Crocodiles: Playing on Prefix

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Crocodiles (The original image is no longer available, please contact KCRW if you need access to the original image.)

Playing on Prefix is a feature on KCRW’s Music Blog where writers from the eclectic music site Prefix hip you to what’s coming out of their computer speakers this week.

Charles Rowell and Brandon Welchez, previously of The Plot to Blow Up The Eiffel Tower, made their mark on the Internet hype machine as Crocodiles in 2008 when their first single, “Neon Jesus,” was championed by indie darlings No Age. Rowell and Welchez capitalized on the attention with their well-received debut full-length, Summer of Hate, released in April 2009. The appeal of that album, as well as of Crocodiles itself, was its simplicity: The songs were direct, driving, and dripping with cool.

The problem, though, is that in the notoriously fickle world of the Internet, the definition of cool changes faster than bands are able to release music. Very quickly, you’re rinsed clean of any seeming novelty, and if the songs aren’t there, all the leather jackets and sunglasses and No Age interviews in the world cannot save you. This is the daunting world the members of Crocodiles entered upon announcing their next album, and they appeared to be as likely a candidate for the sophomore slump as any of their peers.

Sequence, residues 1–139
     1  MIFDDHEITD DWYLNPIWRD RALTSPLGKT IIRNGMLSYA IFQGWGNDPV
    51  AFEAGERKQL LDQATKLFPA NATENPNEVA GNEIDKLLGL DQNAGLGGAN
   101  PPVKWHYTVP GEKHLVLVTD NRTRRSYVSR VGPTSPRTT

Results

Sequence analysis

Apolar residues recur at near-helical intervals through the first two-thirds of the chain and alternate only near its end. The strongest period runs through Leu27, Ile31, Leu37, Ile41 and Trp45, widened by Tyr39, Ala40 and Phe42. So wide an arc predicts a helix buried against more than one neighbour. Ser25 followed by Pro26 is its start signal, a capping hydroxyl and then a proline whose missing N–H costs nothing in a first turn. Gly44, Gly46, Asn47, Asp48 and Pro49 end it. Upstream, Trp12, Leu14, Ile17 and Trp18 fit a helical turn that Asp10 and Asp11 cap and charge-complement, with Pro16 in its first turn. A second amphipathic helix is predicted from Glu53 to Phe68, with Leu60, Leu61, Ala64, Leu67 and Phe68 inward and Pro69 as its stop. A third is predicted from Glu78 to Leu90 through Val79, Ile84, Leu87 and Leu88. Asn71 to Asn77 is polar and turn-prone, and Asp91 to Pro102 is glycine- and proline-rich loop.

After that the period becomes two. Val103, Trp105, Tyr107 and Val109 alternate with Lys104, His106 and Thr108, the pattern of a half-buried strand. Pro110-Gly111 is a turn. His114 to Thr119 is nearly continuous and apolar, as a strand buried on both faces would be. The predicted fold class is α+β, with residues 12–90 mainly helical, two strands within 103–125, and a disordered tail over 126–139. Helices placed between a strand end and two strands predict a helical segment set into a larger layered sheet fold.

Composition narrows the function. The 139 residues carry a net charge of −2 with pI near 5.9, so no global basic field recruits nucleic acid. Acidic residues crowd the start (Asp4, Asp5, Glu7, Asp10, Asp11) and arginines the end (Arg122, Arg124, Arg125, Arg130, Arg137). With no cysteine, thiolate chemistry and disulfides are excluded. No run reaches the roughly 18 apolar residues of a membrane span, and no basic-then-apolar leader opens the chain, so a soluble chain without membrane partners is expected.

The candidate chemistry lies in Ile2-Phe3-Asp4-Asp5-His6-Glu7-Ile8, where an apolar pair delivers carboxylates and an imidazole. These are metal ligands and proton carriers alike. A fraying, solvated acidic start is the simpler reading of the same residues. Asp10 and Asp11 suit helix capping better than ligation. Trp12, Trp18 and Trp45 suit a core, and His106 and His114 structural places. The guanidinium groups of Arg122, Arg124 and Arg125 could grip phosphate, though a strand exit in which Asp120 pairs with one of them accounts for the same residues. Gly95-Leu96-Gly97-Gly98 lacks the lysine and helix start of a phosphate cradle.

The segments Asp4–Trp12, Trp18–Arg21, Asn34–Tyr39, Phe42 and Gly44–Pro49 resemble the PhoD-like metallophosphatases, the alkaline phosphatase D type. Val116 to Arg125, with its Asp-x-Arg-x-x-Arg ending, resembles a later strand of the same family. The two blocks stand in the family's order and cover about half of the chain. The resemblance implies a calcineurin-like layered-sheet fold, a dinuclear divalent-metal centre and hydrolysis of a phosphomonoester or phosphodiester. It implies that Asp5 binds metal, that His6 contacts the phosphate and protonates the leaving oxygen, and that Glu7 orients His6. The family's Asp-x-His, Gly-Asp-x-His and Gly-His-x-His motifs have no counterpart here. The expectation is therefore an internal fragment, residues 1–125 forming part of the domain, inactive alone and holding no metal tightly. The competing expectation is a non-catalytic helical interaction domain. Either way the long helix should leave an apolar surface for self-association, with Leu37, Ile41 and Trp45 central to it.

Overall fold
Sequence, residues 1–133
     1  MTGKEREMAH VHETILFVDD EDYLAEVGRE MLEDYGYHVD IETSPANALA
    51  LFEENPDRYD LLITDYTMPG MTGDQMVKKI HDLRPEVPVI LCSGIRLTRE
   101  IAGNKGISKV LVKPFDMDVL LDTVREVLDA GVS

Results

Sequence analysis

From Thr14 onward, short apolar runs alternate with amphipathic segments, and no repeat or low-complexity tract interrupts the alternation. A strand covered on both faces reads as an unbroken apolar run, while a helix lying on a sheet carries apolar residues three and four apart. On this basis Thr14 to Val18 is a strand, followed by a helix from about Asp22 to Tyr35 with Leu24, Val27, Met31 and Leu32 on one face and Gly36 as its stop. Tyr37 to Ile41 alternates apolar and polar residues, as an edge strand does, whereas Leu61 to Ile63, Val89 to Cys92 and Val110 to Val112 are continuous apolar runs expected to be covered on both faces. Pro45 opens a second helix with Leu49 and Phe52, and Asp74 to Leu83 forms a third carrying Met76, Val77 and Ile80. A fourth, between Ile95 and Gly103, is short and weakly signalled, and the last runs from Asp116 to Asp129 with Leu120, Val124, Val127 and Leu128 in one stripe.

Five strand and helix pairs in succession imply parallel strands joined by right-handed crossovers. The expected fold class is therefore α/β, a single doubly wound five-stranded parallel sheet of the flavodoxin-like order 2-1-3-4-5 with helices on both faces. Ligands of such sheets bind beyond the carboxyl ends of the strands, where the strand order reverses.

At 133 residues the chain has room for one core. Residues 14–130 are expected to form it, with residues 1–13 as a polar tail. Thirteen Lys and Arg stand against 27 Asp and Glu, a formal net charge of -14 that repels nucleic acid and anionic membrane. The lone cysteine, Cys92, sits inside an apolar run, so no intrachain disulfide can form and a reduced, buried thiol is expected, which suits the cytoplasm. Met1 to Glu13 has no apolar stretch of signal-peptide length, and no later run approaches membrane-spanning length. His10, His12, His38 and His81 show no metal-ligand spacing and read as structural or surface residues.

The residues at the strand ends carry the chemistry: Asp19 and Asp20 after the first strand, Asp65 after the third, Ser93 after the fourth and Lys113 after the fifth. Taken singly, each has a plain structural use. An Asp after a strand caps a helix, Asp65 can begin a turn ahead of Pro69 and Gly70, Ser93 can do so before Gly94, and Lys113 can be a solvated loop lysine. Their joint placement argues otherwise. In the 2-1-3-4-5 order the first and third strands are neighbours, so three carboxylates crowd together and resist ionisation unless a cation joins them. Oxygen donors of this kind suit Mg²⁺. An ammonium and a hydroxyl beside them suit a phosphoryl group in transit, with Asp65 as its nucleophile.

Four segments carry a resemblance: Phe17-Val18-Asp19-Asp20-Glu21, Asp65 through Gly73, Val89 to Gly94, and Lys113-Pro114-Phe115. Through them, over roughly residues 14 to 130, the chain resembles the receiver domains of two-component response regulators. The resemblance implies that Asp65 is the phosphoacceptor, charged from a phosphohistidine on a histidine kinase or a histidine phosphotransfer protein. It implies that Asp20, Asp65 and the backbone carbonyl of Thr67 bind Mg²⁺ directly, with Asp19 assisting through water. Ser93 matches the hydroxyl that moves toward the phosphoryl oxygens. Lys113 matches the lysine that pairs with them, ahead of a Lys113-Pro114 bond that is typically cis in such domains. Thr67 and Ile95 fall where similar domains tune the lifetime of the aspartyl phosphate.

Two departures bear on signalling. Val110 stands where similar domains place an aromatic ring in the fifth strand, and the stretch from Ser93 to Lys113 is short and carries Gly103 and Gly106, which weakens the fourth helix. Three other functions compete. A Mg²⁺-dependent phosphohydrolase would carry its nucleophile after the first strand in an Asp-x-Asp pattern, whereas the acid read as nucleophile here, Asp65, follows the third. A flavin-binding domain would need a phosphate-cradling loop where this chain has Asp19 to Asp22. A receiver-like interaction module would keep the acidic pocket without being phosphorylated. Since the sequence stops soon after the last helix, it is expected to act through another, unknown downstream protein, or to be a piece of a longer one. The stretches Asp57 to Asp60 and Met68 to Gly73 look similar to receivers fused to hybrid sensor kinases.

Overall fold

Crocodiles recruited James Ford, one half of Simian Mobile Disco and producer to the Arctic Monkeys, the Klaxons, and Peaches, to produce their follow-up, Sleep Forever, released earlier this month on Fat Possum. Enlisting Ford could be considered a risky decision, given that the lo-fi aesthetic of Summer of Hate was a defining element of the band’s sound and lo-fi is not something Ford does. But the title track and lead-off single assuaged most people’s fears.

It’s a big, soaring, infectious rock song, with the vocal melody front and center in the mix. Ford’s presence is undeniable, and the song holds up even without all the grit and grime of their previous release.

This applies to the majority of Sleep Forever, as well. It may not be groundbreaking music, but that the songs sound this good after such a drastic change in context only proves their quality. With Sleep Forever, Crocodiles have shown they’ve got the chops to back up the hype.

Crocodiles album art